Playwright Bertolt Brecht would have recognised the pattern. Watching the suppression of workers’ protests in East Berlin in 1953, he observed: “The people having lost the confidence of the government, the government finds it necessary to dissolve the people and appoint a new one.”

The crisis has undermined the relationship between voters and elected politicians and policymakers in many countries. There has been a significant decline in the electoral support of major parties.

In the US, the rise of the Tea Party wing of the GOP (or The Republican Party) reflects, among other things, dissatisfaction with the existing political status quo. In Europe, smaller parties like Germany’s Pirate Party, France’s National Front, Greece’s The Golden Dream and Finland’s The Finns Party (earlier True Finns) have gained electoral support. In Italy, populist comic Beppe Grillo emerged as a political force, winning a significant share of the vote in the March 2013 elections. Support for his Five Star Movement represented the electorate’s rejection of both the political establishment and the EU-imposed austerity policies.

In the 2013 German elections, a new party—AFD (Alternative für Deutschland)—garnered significant support, despite its short history and poor organisation. Its anti-Europe and anti-bailout stance saw it receive enough support to gain parliamentary representation. These parties are likely to figure prominently in the European parliamentary elections scheduled for May.

The phenomenon is not confined to developed countries alone. The rise of India’s anti-establishment Aam Aadmi Party is part of the same process. It reflects a deep-seated distrust in existing political parties and policy systems. It is a response to self-serving elites and policies which have failed to deliver anything other than marginal improvements in the lives of citizens and deep-seated corruption.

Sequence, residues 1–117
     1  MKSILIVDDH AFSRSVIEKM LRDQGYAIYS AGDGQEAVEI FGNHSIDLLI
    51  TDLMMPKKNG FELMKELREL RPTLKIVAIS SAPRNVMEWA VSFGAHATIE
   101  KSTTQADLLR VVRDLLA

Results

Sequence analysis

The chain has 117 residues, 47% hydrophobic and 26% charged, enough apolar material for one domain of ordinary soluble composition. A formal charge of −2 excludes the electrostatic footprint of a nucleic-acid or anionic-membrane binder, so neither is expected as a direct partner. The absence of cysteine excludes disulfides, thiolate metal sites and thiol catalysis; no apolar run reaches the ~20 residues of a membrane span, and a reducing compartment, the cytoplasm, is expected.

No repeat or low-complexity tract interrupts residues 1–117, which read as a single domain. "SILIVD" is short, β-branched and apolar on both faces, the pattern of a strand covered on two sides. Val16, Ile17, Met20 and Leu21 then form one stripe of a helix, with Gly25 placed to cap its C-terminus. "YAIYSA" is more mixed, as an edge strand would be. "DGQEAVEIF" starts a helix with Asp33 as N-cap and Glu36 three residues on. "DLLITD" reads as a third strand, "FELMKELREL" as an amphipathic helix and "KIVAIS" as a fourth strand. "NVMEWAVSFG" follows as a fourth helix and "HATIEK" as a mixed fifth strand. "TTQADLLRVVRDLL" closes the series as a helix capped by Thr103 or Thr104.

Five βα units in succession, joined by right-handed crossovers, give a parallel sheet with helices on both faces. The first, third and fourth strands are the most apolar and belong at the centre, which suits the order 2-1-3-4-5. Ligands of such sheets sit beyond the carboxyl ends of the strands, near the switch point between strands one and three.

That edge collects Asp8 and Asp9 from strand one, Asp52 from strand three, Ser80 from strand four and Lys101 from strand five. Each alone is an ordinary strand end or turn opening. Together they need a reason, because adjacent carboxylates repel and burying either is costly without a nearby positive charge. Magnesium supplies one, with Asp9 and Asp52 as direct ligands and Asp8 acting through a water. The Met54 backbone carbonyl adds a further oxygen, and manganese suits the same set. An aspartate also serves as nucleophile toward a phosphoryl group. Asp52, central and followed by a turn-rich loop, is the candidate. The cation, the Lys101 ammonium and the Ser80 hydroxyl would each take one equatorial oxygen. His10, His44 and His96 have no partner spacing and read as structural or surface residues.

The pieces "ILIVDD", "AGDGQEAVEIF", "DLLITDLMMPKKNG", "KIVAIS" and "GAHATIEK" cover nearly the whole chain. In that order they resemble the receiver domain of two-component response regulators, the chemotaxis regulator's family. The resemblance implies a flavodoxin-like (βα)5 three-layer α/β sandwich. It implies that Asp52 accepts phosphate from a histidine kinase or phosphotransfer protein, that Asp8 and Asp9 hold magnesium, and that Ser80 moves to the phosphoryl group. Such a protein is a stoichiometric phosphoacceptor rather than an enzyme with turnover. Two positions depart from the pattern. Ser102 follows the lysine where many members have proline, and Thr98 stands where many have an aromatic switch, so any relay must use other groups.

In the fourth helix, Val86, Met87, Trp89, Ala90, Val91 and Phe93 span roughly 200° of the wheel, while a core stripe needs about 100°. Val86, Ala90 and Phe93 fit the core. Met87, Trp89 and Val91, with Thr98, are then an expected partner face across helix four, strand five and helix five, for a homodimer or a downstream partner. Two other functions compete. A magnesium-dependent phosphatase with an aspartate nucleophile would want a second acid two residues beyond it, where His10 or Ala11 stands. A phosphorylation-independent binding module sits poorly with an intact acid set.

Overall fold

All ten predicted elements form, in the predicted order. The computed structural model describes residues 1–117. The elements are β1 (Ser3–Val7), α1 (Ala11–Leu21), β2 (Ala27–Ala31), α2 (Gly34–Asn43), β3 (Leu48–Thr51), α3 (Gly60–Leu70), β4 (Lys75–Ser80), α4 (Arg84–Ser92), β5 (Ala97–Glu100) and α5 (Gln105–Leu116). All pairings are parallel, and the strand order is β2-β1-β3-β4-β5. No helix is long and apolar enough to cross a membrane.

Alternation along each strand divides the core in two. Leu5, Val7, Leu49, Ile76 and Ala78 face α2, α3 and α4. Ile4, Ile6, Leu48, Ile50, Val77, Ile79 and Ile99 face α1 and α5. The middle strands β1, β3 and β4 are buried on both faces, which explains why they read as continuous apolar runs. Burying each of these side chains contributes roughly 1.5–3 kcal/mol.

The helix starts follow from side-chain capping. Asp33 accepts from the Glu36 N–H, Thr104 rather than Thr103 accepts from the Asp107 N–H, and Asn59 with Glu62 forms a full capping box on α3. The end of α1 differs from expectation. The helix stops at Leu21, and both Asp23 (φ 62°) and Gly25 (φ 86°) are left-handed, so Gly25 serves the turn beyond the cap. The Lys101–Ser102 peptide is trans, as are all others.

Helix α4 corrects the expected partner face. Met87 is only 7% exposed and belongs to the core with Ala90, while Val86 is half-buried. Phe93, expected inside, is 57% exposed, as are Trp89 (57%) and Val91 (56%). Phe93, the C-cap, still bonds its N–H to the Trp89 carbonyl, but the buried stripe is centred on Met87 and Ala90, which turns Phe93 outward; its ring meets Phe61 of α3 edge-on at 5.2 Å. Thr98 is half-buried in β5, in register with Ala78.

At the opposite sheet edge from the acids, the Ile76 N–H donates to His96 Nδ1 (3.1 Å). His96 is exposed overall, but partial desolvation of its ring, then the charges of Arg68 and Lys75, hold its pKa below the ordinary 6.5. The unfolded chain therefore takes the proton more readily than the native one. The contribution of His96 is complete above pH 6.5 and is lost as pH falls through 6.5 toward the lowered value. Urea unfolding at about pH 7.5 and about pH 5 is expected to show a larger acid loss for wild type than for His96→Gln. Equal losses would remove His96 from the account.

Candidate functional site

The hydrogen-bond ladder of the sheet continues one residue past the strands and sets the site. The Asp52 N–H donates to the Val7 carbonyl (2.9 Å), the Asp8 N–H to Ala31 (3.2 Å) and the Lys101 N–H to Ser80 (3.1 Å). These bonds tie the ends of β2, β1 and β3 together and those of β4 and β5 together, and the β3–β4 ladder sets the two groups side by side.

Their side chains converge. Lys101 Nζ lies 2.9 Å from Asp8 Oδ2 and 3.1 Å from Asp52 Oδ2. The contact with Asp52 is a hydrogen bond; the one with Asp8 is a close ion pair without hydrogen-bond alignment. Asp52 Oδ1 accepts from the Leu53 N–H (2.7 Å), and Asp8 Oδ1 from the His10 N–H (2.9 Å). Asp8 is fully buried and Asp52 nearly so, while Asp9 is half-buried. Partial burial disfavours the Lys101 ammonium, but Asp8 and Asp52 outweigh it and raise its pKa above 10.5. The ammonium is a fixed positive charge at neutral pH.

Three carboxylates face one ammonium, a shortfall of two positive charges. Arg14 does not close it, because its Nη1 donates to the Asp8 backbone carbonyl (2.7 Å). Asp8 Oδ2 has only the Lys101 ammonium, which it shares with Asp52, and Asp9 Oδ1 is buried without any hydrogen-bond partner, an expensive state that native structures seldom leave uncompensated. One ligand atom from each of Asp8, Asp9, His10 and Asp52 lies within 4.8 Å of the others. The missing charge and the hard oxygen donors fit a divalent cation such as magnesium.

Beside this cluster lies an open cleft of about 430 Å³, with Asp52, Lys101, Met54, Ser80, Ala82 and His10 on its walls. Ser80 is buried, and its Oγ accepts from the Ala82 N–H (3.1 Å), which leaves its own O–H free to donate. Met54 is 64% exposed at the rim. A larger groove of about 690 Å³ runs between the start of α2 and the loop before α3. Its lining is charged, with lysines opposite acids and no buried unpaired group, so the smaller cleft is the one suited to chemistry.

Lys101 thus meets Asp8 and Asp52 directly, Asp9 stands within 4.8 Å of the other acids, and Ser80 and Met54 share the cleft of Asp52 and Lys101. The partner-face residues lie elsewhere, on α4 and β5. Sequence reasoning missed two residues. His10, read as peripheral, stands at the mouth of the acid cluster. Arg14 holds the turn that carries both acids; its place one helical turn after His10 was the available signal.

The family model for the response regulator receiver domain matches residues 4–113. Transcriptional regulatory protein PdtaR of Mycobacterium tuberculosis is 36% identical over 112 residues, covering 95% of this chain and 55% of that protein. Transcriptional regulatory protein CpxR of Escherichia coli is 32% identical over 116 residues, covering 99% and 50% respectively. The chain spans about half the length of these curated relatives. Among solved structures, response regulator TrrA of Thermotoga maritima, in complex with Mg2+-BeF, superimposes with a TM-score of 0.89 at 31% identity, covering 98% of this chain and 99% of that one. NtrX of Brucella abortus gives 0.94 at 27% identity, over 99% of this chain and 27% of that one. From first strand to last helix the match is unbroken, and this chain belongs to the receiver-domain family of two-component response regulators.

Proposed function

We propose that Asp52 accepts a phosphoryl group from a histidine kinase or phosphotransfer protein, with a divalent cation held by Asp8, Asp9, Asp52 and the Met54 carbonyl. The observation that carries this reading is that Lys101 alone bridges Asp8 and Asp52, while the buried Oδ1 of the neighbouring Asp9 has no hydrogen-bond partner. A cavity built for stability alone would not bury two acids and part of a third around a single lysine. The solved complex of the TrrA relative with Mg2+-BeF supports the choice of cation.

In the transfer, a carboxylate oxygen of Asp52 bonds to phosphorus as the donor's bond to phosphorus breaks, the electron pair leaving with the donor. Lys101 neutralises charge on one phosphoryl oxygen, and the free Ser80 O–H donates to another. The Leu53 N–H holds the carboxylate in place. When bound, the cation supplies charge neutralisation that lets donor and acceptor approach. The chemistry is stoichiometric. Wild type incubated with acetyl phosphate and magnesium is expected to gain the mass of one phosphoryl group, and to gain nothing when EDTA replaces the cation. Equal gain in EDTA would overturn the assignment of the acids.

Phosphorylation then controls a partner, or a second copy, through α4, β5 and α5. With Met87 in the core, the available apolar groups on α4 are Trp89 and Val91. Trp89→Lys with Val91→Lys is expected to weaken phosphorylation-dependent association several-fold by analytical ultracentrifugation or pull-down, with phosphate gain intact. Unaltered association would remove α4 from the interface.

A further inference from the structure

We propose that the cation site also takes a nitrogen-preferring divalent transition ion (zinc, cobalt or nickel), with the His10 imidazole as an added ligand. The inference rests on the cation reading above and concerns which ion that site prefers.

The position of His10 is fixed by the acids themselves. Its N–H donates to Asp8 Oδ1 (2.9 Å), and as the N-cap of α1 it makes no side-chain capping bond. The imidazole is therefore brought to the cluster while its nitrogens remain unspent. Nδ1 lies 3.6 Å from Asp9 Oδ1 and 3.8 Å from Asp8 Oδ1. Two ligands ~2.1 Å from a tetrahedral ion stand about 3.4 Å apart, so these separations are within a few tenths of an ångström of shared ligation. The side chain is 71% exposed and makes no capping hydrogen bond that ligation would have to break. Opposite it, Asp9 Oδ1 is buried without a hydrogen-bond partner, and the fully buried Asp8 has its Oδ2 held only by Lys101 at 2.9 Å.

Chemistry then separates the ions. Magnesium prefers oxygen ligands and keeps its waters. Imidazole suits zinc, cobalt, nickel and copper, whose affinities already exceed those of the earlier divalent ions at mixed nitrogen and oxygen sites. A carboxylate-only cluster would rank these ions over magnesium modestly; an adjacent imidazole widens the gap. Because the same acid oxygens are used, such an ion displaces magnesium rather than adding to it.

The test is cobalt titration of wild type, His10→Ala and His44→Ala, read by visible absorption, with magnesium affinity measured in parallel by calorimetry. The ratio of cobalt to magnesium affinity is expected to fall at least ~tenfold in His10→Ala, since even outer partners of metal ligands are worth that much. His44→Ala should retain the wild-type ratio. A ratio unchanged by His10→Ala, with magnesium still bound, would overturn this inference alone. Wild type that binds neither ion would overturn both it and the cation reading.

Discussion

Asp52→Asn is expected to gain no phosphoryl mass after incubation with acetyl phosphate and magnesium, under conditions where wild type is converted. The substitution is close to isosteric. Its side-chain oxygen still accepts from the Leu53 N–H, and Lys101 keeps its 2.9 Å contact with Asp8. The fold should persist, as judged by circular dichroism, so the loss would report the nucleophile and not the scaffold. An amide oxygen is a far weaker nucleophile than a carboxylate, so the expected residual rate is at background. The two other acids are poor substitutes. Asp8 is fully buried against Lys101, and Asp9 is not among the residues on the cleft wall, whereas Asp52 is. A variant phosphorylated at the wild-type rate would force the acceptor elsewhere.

Ordinary citizens everywhere are increasingly aware that they will have to bear the costs of the financial crisis and the government’s policy failures. Most fear poor employment and income prospects, loss of savings and a general decline of living standards. As former US President Franklin Roosevelt noted, “People who are hungry and out of a job are the stuff of which dictatorships are made.”

A widening gap between the views and concerns of the people and the political and bureaucratic classes threatens the fragile compact at the heart of free societies. The risk of economic, social, political and international breakdowns is very real.

In March 1933, John Maynard Keynes wrote: “We have reached a critical point… we can... see clearly the gulf to which our present path is leading [if governments did not take action]… we must expect the progressive breakdown of the existing structure of contract and instruments of indebtedness, accompanied by the utter discredit of orthodox leadership in finance and government, with what ultimate outcome we cannot predict.” That warning is relevant today.

Satyajit Das is the author of Extreme Money and Traders, Guns & Money

(This story appears in the 13 June, 2014 issue of Forbes India. To visit our Archives, click here.)